What the socialists have never understood is that a country functions at its optimum when individuals are left to pursue their own ambitions. Socialists abhor individual choice. They want to control every aspect of our lives.

    The role of government is to protect us and provide the essential services of health, transport and education. A government should be the conductor of the orchestra. We need less not more government.

    We live in a world dominated by ‘government’. This army of lobbyists, consultants, councillors, special advisors, elected and non-elected representatives have one thing in common. They are paid for by the taxpayer.

    This morning we have the spectacle of Glenys Kinnock being appointed Minister for Europe. Can someone please explain what Mrs Kinnock and her husband have contributed to the UK? European taxpayer’s have contributed hugely to the bank accounts of the Kinnock family. What do we have in return?

    I recall Mr Kinnock was the corruption czar in Europe. Has corruption diminished? Of course not. The Danish accountant appointed to overhaul Europe’s finances was booted out when she got too close to the truth. The elected/unelected elite don’t want the tax paying proles to discover the reality of the ‘European Project’.

    The time has arrived for the electorate to wake up and take back ‘their’ democracy. David Cameron gives signals of recognizing this shift in the public mood. Let’s hope his policies match his evolving rhetoric of ‘thrift’.

  14. Freddy
    Posted June 6, 2009 at 11:54 am | Permalink

    I came across an article saying that Darling’s last budget actually has a lot of cuts hidden away inside it (post-election, naturally). See :

    http://www.spectator.co.uk/coffeehouse/3560461/significant-cuts-are-hidden-away-in-the-budget.thtml

    Have you already commented on this anywhere ?

  15. Denis Cooper
    Posted June 6, 2009 at 11:55 am | Permalink

    I think that quantitative easing will stop when the MPC can no longer plausibly justify it as a necessary measure to prevent our descent into a deflationary spiral.

    That could be as early as their next Quarterly Inflation Report in August, or it might not be until November or even later.

    The question then will be whether the economy is showing sufficient signs of recovery to reassure gilts investors that the government isn’t about to go bust, and so they can assume that eventually there will be enough tax revenues to pay them back, but at the same time there isn’t going to be an inflationary spiral which will devalue their investments.

    If they were willing to carry on buying new issues of gilts even though the Bank of England had stopped buying up existing gilts, mopping up the surplus supply from the market, then immediate catastrophe could be averted.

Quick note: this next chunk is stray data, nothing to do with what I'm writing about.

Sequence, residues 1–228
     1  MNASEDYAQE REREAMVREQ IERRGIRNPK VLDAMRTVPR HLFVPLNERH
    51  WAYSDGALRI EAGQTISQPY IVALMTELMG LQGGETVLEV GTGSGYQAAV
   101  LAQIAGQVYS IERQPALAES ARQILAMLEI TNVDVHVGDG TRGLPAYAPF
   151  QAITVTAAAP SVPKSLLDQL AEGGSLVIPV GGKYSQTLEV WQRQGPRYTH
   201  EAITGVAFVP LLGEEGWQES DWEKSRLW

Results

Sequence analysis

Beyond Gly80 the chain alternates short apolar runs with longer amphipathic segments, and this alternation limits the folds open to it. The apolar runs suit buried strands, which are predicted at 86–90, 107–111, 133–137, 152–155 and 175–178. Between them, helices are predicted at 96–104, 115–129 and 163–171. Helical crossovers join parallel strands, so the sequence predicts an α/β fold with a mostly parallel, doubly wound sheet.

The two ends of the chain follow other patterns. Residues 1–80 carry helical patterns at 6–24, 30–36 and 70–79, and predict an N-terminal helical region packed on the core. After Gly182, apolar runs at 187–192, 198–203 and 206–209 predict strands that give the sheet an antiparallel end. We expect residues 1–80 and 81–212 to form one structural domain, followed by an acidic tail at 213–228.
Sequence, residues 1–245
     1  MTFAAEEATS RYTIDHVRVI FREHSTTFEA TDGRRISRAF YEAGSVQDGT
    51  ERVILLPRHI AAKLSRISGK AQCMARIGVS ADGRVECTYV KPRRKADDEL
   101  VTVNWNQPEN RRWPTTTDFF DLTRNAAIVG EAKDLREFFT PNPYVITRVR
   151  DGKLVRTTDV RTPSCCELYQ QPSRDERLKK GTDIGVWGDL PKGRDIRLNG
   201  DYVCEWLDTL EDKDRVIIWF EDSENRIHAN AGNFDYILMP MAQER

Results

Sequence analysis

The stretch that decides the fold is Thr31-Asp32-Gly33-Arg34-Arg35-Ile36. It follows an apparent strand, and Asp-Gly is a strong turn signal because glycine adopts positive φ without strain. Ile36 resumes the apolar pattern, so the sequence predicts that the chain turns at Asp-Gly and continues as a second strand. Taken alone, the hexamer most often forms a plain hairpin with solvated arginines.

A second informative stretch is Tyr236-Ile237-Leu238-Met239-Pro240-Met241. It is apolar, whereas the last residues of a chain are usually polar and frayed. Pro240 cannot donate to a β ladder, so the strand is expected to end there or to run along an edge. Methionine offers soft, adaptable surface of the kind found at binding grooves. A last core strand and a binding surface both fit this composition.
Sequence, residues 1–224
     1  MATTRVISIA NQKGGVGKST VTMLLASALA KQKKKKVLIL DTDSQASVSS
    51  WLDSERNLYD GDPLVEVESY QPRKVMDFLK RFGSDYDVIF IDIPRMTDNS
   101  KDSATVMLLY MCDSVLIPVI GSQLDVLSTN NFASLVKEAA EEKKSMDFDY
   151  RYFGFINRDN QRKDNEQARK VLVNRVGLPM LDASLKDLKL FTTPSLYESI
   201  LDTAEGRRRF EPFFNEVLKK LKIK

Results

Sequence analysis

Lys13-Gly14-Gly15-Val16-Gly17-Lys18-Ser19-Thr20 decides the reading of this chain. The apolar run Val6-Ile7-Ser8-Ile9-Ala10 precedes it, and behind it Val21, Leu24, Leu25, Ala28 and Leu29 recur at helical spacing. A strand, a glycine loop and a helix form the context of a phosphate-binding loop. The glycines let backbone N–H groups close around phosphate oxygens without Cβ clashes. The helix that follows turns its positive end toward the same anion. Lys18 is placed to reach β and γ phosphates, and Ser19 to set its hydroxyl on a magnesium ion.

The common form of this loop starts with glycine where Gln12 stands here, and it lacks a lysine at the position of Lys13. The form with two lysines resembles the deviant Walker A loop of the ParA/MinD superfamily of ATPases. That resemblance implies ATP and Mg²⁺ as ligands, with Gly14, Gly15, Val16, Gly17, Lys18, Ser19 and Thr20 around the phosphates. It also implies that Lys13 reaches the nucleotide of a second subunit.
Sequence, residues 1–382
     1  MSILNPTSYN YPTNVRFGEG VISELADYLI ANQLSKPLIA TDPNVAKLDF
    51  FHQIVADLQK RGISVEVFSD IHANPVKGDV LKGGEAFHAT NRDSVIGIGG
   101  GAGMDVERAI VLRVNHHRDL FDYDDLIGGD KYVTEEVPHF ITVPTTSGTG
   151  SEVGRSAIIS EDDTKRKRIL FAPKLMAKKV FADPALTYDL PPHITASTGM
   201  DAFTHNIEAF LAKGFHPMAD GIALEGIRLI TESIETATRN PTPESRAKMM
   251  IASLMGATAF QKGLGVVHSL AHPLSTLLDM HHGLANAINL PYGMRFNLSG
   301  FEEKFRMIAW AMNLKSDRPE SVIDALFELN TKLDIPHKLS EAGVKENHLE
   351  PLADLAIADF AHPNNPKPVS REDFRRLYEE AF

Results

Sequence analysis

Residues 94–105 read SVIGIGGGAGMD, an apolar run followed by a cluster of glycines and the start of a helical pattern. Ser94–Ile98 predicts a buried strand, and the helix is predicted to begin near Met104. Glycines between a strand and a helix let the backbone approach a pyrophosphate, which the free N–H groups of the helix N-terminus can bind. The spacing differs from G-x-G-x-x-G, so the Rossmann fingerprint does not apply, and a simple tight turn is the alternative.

Otherwise, we could end up like Latvia:

    http://www.telegraph.co.uk/finance/financetopics/financialcrisis/5438615/Latvian-debt-crisis-shakes-Eastern-Europe.html

    “Latvia has become the first EU country to face a sovereign debt crisis after failing to sell a single bill at a treasury auction worth $100m (£61m), prompting fears of a fresh storm in Eastern Europe as capital flight tests currency pegs.”

    “The finance ministry expects GDP to contract 18pc this year. House prices have fallen 50pc, the world’s most spectacular crash. A third of the country’s teachers are being fired and public salaries will be slashed by up to 35pc to meet bail-out terms imposed by the IMF and the European Commission. The policy risks a deflation spiral that defeats its own purpose.”

    Incidentally, this week on the money-go-round the Bank of England has used another £6.50 billion of newly created money to buy up existing gilts, bringing the total so far to £77 billion, while the Treasury’s Debt Management Office has flogged £6.05 billion of new gilts so that we don’t have sack a third of our teachers.

    • Adrian Peirson
      Posted June 6, 2009 at 7:34 pm | Permalink

      Newly created ? you mean it just printed it ?
      we could have done that free, just print the money instead of the Gilts.
      No loan to pay back.
      Not quite as good as having sound money based on real wealth like precious metals but much better than borrowing worthless bits of paper at face value and at interest.

      • Denis Cooper
        Posted June 7, 2009 at 7:35 am | Permalink

        At one time the Bank might literally have printed more banknotes, and it remains the simplest way to think about it.

        As the Bank is publicly owned, all its profits can be claimed by the Treasury – but, likewise, the Treasury has indemnified the Bank for any losses arising from its quantitative easing operations, see this January 29th letter from Darling to King:

        http://www.hm-treasury.gov.uk/d/ck_letter_boe290109.pdf

        I have read an estimate that so far the Bank’s losses on its gilts purchases are around £1.6 billion, based on what it paid and current market prices.

        As far as interest due on the Bank’s gilts holdings is concerned, in principle the Treasury could pay it, but then recover it from the Bank as part of its profits; so the question is whether the Treasury will have to pay more or less interest to private investors as a result of quantitative easing – the objective being that it should pay less.